Network Based Renoise

maybe somebody has already made a post about this. but here i go;

what about making renoise somehow network based. the last couple of months ive been making coops with people, and the ‘send back and forward’ is somehow charming ;) but it takes time. maybe to much… So anyways, I’m picturing renoise with this network based idea. One person host, and the other person joins on IP. Naturally. Then in the progress the person that host decides when he is finnished and press somekind of button wich indicates he is finnished, so does the other user. Etc… and maybe the user that is ‘on hold’ can mute his sound, so he wouldnt be bothered. whatever. and ofcourse there is a chat activated at all time.

IF this ever happened, i would delete all my online games, and start PLAYING Renoise instead :lol: 2on2 compos anyone? :)

edit: my grammar and punctation is awfull

IT had network thingy as far as I remember.

That would quite simply rock… :blink:

This protocol would only send patterndata, and compare the files in the system, and then send files if necessary. I mean, with the amount of people with broadband these days, this should be able to function quite effectively! :)

One example: I did something with Sewen the other day, had sent my stuff, and then added some changes to it. But sending the whole file again did not make sense, so I would want to just update the patterns on HIS side.

Oh, and don’t say I can just remove the samples and send the empty RNS-file for him to refill with his samples, cos I already thought of that… :P

Just a dream… :rolleyes:

I think the file being modified shoud only rest in the host computer, and people would affect it’s content through their actions on client computers. And all changes should be applied to everyone in real time, which would mean that if someone loads up 20mb sample, it would be sent right away to everyone else. Are the connectons really fast enough for this?

If things do not change in real time, conflicts would aries when pwople are editing same song parts @ same time, or loading instruments or samples @ same slots, except if everyone are strictly restricted to modifying only their pre-defined parts of the song and instruments. That could work okay, I guess, and if you would want another person to modify your part, you should just notify the host and he could give you permissions.

Along with this could be implemented a new feature of grouping patterns, which would sure make defining clients rights in a song easier and more logical. Patterns in group could always start from number one, or at least I think it would be easier to handle this way, though that would not be totally necessary. Maybe a possibility to manage pattern groups somehow too would be a good thing.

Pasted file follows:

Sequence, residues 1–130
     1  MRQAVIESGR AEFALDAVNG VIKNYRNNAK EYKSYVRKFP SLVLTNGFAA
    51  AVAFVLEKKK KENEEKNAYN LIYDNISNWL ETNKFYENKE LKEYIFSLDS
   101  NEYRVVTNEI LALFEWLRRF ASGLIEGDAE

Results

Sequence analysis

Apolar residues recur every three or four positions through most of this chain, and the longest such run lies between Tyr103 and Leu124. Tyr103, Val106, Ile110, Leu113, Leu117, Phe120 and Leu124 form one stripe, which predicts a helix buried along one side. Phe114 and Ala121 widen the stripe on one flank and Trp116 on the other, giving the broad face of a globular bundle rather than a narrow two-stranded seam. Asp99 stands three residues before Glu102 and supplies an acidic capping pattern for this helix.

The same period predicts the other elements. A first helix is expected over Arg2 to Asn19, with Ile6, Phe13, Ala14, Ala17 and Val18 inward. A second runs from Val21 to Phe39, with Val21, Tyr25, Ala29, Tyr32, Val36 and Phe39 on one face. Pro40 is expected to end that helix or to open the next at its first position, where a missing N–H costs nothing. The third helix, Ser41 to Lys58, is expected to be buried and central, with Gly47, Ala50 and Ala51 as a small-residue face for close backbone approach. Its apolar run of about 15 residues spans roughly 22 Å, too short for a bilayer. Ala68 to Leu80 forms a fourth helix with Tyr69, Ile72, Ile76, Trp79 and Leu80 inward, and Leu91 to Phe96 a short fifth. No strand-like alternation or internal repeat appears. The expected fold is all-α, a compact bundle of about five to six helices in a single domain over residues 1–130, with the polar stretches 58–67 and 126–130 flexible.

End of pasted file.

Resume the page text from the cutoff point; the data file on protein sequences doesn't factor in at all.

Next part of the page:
Yups, but is was IPX based, so it was doomed to die.
The first question i had was when there would be coming an IP based network-driver.

The answer was in the near future.
But he didn’t told me that it would not be for Impulse Tracker

:) I actually never tried network Impulsing.

And I think sewen meant turn-based editing, which would also solve all the conflicts. Great idea. Would keep things in order.

Rounser brought this to my attention before:

Apulsoft Wormhole:

i think the best way to implement this would be to make it so that every pattern can only be edited by one person at a time (heads up display tells you who’s got which pattern checked out) flags appear in the sample menu next to samples when someone else changes or adds a sample and you have the option of synching the samples, which should be a background operation with a progress indicator) sounds almost like a new app. it would make sense for there to be a renoise server that proxies and caches file transfers and such.

I tried the IT network interface. it was definitely a cool idea but it was never completely developed. fun yes, practical maybe.

this would be really nice but for me useless… there are many more serious features to be implemented imho… where is my DSP effect arranger? : )))

Well, it could possibly be done now this way, although it’s rather weird, and not that recommended really :)

Install tightvnc (it’s a freeware program which lets you take controll over someone’s PC) on both machines, and run the server at one, and the client at the other. (I’ve used the software, it runs pretty ok even with modem, so with a broadband connection, there shouldn’t be too much problem). Then launch a shoutcast server at the machine which runs the tightvnc server, to send back the audio to the other machine. Of course the shoutcast server should broadcast the soundcards output (you can do this with almost any soundcard).

:o co-op tracking… with a not so small touch of lag! ;)

I definately agree on this method you mentioned. I’m not sure how much I’d use the option, but it would be pretty cool to have available if ever I was in that situation.